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We had an extended power outage (almost four hours); now I have a Dell PowerEdge 2850 server which is giving me this error (from a PERC 4e/DI) on boot up:

Dell PERC 4e/DI boot messages

All drives are listed in the PERC configuration menu:

Dell PERC 4e/DI Configuration Menu

The failed drive does not show any indications of failure on the LEDs; the bottom appears to be green and the top is unlit. None of the disk drive LEDs are flashing.

All drives are in one RAID5 array with 6 stripes of 64K in size.

I do have one or two spare Dell PE2850s available for test. However, from what I've read, the Unresolved configuration mismatch... error would show up then - but perhaps I could activate the good drives anyway.

What if I remove the bad drive and try to boot that way? I may try that - but both the PERC 4e/DI and the Adaptec 2410SA card (activated later in the boot process) list all ports as not functioning.

Here are the specific questions:

  1. Is it possible to get this (degraded) array running again on this system? How?
  2. Will it help to configure a new configuration and save it (without initializing)?
  3. Is it possible to move a degraded array to a new system and power up?
  4. What if the "bad" disk was removed or replaced? How does that affect the system boot? How does that affect a disk array move?

EDIT: I found this question which appears to detail how to move drives from one host to another; is there anything more that should be added to the process detailed there? In my case, the move would be different in two ways: one, I have an apparently degraded array (RAID5), and two, the array is RAID5 not RAID1. The first is the biggest question mark; RAID5 should import just like RAID1 I'd say.

I found this question which talks about "repairing" a failed mirror, but there is no clear answer on how to fix it, and I'm using a RAID5 anyway - a RAID5 which hasn't been moved or rearranged.

UPDATE: The replacement system has a PERC 4/DC in it - compared to the old system which has a PERC 4e/Di in it. I hope this will recognize the old (degraded) array and import it just fine. If this works well, I'll even be able to use the old drives (no failures there) as a replacement for the failed drive.

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You know things are bad when your taking pictures with your cell phone. –  Wesley Feb 20 '12 at 3:46
    
I do everything with my cell :P - and it has better resolution than my first Kodak digital camera. –  Mei Feb 20 '12 at 14:33
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2 Answers 2

Sounds like it's gone slightly nuts and is getting one config from the good drives and another slightly out of sync or invalid config from the "faulty" drive.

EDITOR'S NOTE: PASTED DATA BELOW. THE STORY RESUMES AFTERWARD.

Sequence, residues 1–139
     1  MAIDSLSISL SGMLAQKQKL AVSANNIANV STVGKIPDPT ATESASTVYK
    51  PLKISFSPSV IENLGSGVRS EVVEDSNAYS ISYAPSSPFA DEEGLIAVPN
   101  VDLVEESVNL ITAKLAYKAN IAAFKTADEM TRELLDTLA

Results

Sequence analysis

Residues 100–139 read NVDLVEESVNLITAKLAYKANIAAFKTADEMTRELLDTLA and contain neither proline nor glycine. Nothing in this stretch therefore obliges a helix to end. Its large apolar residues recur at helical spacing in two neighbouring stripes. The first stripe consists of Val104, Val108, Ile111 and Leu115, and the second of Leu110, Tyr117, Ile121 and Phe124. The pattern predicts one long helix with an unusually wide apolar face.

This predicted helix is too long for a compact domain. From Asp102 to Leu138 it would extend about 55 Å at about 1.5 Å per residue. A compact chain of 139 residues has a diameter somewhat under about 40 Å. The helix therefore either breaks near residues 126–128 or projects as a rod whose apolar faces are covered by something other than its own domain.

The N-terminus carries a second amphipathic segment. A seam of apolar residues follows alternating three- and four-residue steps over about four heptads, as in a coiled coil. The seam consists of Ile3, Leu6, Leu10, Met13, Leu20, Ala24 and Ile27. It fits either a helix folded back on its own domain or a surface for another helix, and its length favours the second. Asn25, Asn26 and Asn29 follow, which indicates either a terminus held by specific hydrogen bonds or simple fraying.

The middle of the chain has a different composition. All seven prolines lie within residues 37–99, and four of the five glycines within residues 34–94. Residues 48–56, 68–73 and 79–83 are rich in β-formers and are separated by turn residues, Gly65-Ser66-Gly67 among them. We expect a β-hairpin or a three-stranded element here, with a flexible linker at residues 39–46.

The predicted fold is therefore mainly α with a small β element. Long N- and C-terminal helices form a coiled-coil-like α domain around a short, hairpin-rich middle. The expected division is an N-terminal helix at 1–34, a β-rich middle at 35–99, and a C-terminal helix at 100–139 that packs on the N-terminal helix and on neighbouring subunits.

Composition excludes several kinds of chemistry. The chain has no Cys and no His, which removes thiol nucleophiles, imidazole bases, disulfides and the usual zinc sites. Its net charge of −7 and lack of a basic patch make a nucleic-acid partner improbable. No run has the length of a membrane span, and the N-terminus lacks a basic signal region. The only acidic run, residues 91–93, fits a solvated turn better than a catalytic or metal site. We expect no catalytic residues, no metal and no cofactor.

First thing I would do is just remove the faulty drive and try booting up then. If that doesn't work, then try with one of your other 2850's.

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I suspect at this point that either the backplane or the PERC controller has failed; the configuration it is reporting is probably from NVRAM: thus it shows its recorded configuration, but has no disk configuration to report (all drives are missing). I've already tried removing the faulty drive; no difference. Thinking seriously about moving to secondary system, but what about this degraded array? May go ahead and try anyway. –  Mei Feb 19 '12 at 21:03
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The problem was - as it stated in the screenshot - that no drives were detected. This was, obviously, quite a surprise as the drives were in the machine.

My hypothesis is this: when the configuration menu for the PERC was entered, it saw no disks - so rather than ask to choose between Disk Configuration and NVRAM Configuration, it showed the only configuration it knew. This presented the appearance of having checked the disks on the system when in fact, no such process had taken place - the disks remained unknown to the controller.

I also hypothesize that since the system could not access the drives electronically, it also could not detect the (known) bad drive in the array. Thus, the LED remained at a "good" state instead of bad.

I moved the disks to a new system this way:

  • Shut off old system
  • Shut off replacement system
  • Marked all drives in the old system with their chassis slot numbers - and marked bad drive with a red tag instead of white.
  • Marked all drives in the replacement system with their chassis slot numbers (just in case)
  • Removed all drives from replacement system
  • Rebooted replacement system and cleared configuration from PERC configuration menu
  • Shut off replacement system
  • Removed all drives from old system
  • Placed all drives into replacement system (into matching locations)
  • Rebooted replacement system
  • Disabled alarm in PERC configuration menu
  • Rebooted replacement system

(I also had to change the network connections, but that is not relevant to the discussion here.)

There were no problems at all going from a PERC 4e/Di to a PERC 4/DC: all of the descriptions in the manuals suggested that the only move that would not work is moving to a PERC 2 from something more recent.

After this, the system (VMware ESXi in this case) came up. There's more to do but it's all about virtual machines and VMware ESXi. The box is good.

If all remains stable, then I'll replace the bad drive with one of the ones from the retired system.

Edited for completeness

On another identical PowerEdge 2850 (also with a PERC 4e/Di), the same message came up:

1 Logical Drive(s) found on the host adapter.
0 Physical Drive(s) found on the host adapter.

After the message, no errors and the machine started normally. Thus, this message is not indicative of a failure; perhaps it only counts physical drives not in a logical drive.

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